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There are many ways that one can complain about the state of the world of letters. The quantitative approach charts the reduction in sales of “serious literature,” and further bolsters such charts with numbers that crunch editorial jobs being lost or presses that have gone out of business. The qualitative approach tries, flailingly, to suggest that there was a better time in the past, a golden age when the life of letters was more serious, when the cultural air held the tang of new pages being turned, and that fireside evenings were spent debating the unities of time, place and action as the appropriate underpinnings of stagecraft–those opposing such rules left to reach–nay, driven–for the daggers in their boots.
To my mind, when I complain privately, I lobby silently for certain advents that don’t seem to come to pass. For example: a new novel is being served back and forth, like a shuttlecock, over the cultural net this week: Jonathan Littell’s The Kindly Ones. Written from the point of view of a SS capo who managed to escape the post-war round-up, this 1,000 page tale is told by a murderer writing his memoirs of a murderous time and his complicity in it. Setting aside my sense of how well the novel manages that task, what the novel is inarguably trying to do, through the lens of the imagination, is offer a different kind of picture of the unimaginable than our many exemplary histories have.
Naturally, there will be very different kinds of biases at work when a reader approaches such a book. There will be those who feel that we simply do not need such a fiction, having more than enough fact about the subject that any fiction is superfluous; there will be those who feel that we simply do not want such a fiction, finding it atrocious to make fiction out of atrocities; there will be those, as well, who do not like fictions about unlikable people, and assume that no good or no use can come from spending time in the mind of someone with whom one would not like to have to sit next to on the Hampton Jitney. I would submit that these categoricals, and the kinds of reviewers who hold such proscriptive aesthetic points of view, are diminishing: some kinds of narrowness are narrowing.
Whereas there are broadening kinds of narrowness. This week, as I read initial reports of the Littell, I can’t help but wonder what William T. Vollmann thinks of Littell’s book. After all, Vollmann’s 3,000 page Rising Up and Rising Down seems to rather adequately suggest his intellectual bona fides on the subject of violence as a central feature of civilization, just as his fictional output seems to dramatize that interest.
As such, it is my hope that some smart editor asked Vollmann to review the book, and that Vollmann did indeed review it–a review that might soon appear. It is not that I would expect him to have the correct take (whatever that might mean) but that he surely would have a very interesting take. That said, absent a review by Vollmann of the Littell, why not read Vollmann’s essay, “Seeing Eye to Eye,” in the new and excellent issue of Bookforum, on photography and the Third Reich. It’s fascinating, in its narrow and deep way. It begins:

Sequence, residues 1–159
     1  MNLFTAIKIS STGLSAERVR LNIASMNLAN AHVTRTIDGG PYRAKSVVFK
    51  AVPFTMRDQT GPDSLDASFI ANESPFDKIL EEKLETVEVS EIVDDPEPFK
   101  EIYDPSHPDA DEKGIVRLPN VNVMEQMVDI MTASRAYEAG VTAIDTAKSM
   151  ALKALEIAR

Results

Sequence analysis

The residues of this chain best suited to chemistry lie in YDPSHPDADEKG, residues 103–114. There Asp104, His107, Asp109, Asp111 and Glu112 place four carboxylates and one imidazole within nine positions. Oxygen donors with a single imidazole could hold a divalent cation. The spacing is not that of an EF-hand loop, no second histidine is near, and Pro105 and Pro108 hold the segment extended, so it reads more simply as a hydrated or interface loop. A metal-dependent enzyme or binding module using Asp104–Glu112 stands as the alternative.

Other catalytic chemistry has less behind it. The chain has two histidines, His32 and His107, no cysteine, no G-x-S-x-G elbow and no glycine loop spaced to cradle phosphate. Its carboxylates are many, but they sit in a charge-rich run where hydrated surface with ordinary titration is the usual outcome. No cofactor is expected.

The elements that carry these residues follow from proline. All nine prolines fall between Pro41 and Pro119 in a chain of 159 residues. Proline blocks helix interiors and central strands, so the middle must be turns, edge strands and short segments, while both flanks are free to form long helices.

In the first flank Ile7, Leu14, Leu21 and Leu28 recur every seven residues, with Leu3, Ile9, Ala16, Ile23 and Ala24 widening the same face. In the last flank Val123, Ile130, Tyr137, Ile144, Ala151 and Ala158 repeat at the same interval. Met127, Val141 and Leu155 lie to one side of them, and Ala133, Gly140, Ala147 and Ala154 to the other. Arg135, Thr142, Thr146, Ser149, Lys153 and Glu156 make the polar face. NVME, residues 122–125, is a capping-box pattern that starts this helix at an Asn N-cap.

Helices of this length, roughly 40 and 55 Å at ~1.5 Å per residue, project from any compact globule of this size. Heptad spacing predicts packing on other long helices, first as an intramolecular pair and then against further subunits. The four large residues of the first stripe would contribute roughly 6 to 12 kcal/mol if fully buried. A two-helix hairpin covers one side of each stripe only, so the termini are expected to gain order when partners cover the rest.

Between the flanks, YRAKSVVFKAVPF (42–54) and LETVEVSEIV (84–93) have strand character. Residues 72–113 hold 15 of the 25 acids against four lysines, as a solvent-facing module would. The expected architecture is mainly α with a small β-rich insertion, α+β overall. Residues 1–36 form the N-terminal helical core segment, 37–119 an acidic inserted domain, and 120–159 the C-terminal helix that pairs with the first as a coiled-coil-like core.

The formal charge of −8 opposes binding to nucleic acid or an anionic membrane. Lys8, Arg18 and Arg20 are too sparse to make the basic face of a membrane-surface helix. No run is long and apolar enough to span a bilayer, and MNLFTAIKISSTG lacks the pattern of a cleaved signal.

How should we parse a documentary image that directly or indirectly portrays evil, injustice, anguish? What rights and duties, if any, does our understanding engender?
I begin with Paul Garson’s Album of the Damned: Snapshots from the Third Reich. The majority of the photographs were composed, we are informed, by Wehrmacht soldiers who were amateur photographers. How could such a compilation fail to fascinate? Unfortunately, while Garson the compiler deserves my gratitude, Garson the commentator is extraordinarily unequal to his subject. At the zenith of his acumen, he compares one benign-looking German soldier to Sergeant Schultz of the television show Hogan’s Heroes. To a photograph of two soldiers carrying the upside-down carcass of a wolf, he affixes the caption “Werewolf,” which affords an excuse to ramble on about Hitler’s headquarters “Wolf’s Lair,” as well as the “Werewolf” detachments of desperate Nazis who tried to sabotage the approaching Allies at the end of the war.
It continues here. I suggest it as your weekend read.
More from Wyatt Mason:
Conversation — October 2, 2015, 8:26 am
“By committing to the great emotional extremes demanded by Greek tragedy,” says Bryan Doerries, author of The Theater of War, “the actors are in effect saying to the audience: ‘If you want to match our emotional intensity, that would be fine.’”
Years ago, I lived in Montana, a land of purple sunsets, clear streams, and snowflakes the size of silver dollars drifting through the cold air. There were no speed limits and you could legally drive drunk. My small apartment in Missoula had little privacy. In order to write, I rented an off-season fishing cabin on Rock Creek, a one-room place with a bed and a bureau. I lacked the budget for a desk. My idea was to remove a sliding door from a closet in my apartment and place it over a couple of hastily cobbled-together sawhorses.
Average exam score, in a SUNY-Fredonia study, for students who only listened to a podcast of their professor’s lecture:
Boys in Taiwan are likelier than girls to vomit in order to lose weight.
Hundreds of women in yoga pants marched through Barrington, Rhode Island, to defend their right to wear the garment, and Trump vowed to sue every woman accusing him of sexual assault. “I look so forward to doing that,” he said.
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"She never thanked me, never looked at me—melted away into the miserable night, in the strangest manner I ever saw. I have seen many strange things, but not one that has left a deeper impression on my memory than the dull impassive way in which that worn-out heap of misery took that piece of money, and was lost."